Friday, December 26, 2008

Some Hidden Choices in Breast Reconstruction

The New York Times published an interesting article on breast reconstruction (  The premise of the article was that some plastic surgeons do not offer their patients all of the available options for breast reconstruction because they are not proficient with all of the techniques.  The was some suggestion that some complex surgical options are not discussed by plastic surgeons at all because the insurance reimbursement is disproportionately low, which deters some plastic surgeons from performing those procedures at all.

I have discussed making decision for surgical treatment in earlier posts.  This article highlights that some women are making reconstructive choices based on only limited information.  Amy Alderman, MD is quoted in the article, and she highlights a larger problem that many women who have breast cancer are not even made aware that reconstruction is available to them, and that limits the decision making process one step before a patient may even see a plastic surgeon.  

Remember that these issues may even affect the initial surgical decision options.  How many breasts surgeons discuss breast conservation therapy using oncoplastic techniques, where a plastic surgeon may be able to reshape the remaining breast tissue at the time of  extensive lumpectomy to prevent a breast deformity?  How many breast surgeons discuss skin sparing or nipple sparing approaches in prophylactic breasts surgery?  If a breast surgeon is being reimbursed disproportionately high to place a MammoSite catheter in the breast in their office, is there a disincentive to discuss mastectomy and the fact that reconstructive surgery is available?  How many breast surgeon discuss the Women's Health and Cancer Rights Act at the time of initial surgical decision making?

What I strive to do in a preliminary consultation is to offer patients a general overview of all of the available surgical options from implant based techniques to autologous techniques, using a patients own tissues.  I hope to outline the different surgical approaches including microsurgical techniques.  What is even more important, however, is realizing that the shared decision model demands a customized risk factor analysis to take be performed which allows patient to make more informed choices.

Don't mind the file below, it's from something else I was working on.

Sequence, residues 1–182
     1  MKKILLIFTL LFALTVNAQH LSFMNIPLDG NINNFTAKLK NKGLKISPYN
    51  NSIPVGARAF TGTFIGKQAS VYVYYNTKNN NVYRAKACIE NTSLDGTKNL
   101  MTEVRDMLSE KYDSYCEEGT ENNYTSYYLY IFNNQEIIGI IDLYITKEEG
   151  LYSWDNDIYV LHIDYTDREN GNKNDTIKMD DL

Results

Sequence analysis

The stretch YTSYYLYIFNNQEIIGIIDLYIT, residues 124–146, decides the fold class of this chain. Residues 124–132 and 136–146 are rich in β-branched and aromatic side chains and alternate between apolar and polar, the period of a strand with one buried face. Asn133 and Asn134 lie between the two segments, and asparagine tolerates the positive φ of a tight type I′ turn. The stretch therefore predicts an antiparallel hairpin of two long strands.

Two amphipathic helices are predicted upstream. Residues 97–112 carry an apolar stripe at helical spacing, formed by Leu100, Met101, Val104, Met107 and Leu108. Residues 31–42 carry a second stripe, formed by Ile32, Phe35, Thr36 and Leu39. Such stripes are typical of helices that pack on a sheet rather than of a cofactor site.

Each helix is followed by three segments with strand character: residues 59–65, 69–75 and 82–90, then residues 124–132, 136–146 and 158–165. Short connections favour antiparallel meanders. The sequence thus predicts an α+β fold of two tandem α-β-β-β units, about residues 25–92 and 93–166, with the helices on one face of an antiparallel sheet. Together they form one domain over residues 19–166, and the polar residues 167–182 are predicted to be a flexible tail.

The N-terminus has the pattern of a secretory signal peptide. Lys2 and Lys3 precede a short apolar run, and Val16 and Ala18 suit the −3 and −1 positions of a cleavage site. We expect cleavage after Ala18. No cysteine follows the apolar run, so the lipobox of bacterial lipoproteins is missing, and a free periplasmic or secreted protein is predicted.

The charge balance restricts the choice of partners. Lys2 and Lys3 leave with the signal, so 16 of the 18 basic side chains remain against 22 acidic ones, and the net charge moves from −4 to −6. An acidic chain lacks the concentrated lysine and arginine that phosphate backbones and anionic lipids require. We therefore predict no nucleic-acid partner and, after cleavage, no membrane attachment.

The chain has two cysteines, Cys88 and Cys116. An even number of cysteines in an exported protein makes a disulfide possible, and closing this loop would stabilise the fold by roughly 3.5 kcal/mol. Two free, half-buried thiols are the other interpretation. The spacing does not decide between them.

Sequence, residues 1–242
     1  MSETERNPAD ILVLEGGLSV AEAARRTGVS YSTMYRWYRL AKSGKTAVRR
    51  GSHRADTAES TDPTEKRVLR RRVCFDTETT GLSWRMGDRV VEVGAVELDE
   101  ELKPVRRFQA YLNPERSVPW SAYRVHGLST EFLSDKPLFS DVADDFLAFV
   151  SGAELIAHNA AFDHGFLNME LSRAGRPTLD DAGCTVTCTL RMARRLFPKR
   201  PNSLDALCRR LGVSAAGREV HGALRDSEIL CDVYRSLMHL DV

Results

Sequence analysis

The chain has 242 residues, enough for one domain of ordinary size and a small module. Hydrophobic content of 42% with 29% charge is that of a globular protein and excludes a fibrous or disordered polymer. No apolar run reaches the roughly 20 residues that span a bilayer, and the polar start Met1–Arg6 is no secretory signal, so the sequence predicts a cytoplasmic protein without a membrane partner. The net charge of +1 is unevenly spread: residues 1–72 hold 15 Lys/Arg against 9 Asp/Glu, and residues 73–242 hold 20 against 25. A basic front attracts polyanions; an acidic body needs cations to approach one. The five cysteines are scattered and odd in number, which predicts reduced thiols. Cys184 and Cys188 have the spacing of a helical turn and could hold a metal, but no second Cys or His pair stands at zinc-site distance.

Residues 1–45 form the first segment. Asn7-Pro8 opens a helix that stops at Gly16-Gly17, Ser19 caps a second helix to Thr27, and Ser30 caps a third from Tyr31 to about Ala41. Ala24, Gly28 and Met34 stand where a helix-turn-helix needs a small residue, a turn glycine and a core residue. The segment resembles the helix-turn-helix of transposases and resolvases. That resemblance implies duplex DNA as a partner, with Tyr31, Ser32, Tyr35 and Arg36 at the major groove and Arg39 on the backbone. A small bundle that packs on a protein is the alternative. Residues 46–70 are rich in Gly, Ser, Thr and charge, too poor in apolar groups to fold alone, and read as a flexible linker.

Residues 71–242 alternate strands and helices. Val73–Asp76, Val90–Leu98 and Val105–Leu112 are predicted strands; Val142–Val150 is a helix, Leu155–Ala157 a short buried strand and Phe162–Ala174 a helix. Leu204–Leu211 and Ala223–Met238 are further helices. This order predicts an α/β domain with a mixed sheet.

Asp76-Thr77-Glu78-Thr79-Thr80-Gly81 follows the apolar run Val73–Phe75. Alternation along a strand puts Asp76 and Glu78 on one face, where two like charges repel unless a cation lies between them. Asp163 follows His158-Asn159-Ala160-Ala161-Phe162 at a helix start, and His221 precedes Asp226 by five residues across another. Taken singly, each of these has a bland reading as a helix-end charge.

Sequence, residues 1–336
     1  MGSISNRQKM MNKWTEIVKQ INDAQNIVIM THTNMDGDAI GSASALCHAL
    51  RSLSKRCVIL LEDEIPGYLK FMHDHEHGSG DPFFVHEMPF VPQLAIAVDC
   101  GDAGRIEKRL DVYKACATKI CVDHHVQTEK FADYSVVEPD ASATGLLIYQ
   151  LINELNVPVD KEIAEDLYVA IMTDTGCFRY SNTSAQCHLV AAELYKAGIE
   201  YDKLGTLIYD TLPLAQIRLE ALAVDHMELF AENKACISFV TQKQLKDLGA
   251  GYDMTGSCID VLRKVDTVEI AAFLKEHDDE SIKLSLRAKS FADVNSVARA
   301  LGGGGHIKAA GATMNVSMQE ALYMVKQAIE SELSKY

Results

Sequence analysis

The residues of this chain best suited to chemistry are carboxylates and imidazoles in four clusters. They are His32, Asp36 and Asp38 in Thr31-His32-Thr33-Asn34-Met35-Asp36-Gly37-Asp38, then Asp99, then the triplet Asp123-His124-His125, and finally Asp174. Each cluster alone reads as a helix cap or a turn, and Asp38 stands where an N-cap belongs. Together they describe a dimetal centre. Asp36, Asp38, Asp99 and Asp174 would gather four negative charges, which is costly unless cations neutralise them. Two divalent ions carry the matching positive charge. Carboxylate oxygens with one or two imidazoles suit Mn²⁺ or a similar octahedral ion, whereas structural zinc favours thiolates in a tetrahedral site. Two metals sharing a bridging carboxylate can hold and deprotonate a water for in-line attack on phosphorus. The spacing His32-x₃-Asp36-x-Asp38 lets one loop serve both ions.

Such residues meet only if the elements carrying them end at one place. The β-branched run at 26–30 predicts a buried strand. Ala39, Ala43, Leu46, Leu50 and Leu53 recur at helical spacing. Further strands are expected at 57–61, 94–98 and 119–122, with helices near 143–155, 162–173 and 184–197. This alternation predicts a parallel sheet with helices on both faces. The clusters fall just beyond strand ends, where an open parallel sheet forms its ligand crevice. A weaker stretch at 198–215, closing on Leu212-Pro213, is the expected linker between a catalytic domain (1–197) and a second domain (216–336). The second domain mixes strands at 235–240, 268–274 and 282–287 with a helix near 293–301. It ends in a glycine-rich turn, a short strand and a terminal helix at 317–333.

While some patients find the option of using their own tissues for breast reconstruction attractive because of the possibility of improved body contour if abdominal tissue is used, they may be at higher risk of complications related to comorbidities like hypertension and diabetes, or patient risk factors like high BMI (body mass index), previous abdominal incisions, or smoking history.  While some find options of using breast implants for breast reconstruction more attractive, they may be at higher risk of complications if they have had previous radiation therapy to the breast or may require post-mastectomy radiation.  There is also a higher inherent risk of re-operation related to scar formation around the implants and implant rupture.  There are also aesthetic limitations that may be inevitable when implants are used for breast reconstruction, especially if an implant is used to reconstruct one side only.

A shared decision model relying on providing the complete range of options to patients and performing a customized risk factor analysis for possible complications of each option in each patient is the current model that I prefer.  Patients need to be informed of their rights under the Women's Health and Cancer Right Act at the time of initial diagnosis of breast cancer, that may precede their initial surgical evaluation by several days or weeks.  

There are several excellent books that women should consider reviewing at the time of their initial breast cancer diagnosis that will allow them to ask better questions and make more informed choices for regarding breast reconstruction - A Woman's Decision: Breast Care, Treatment & Reconstruction and The Breast Reconstruction Guidebook.

1 comment:

Breast Enlargement Surgeon said...

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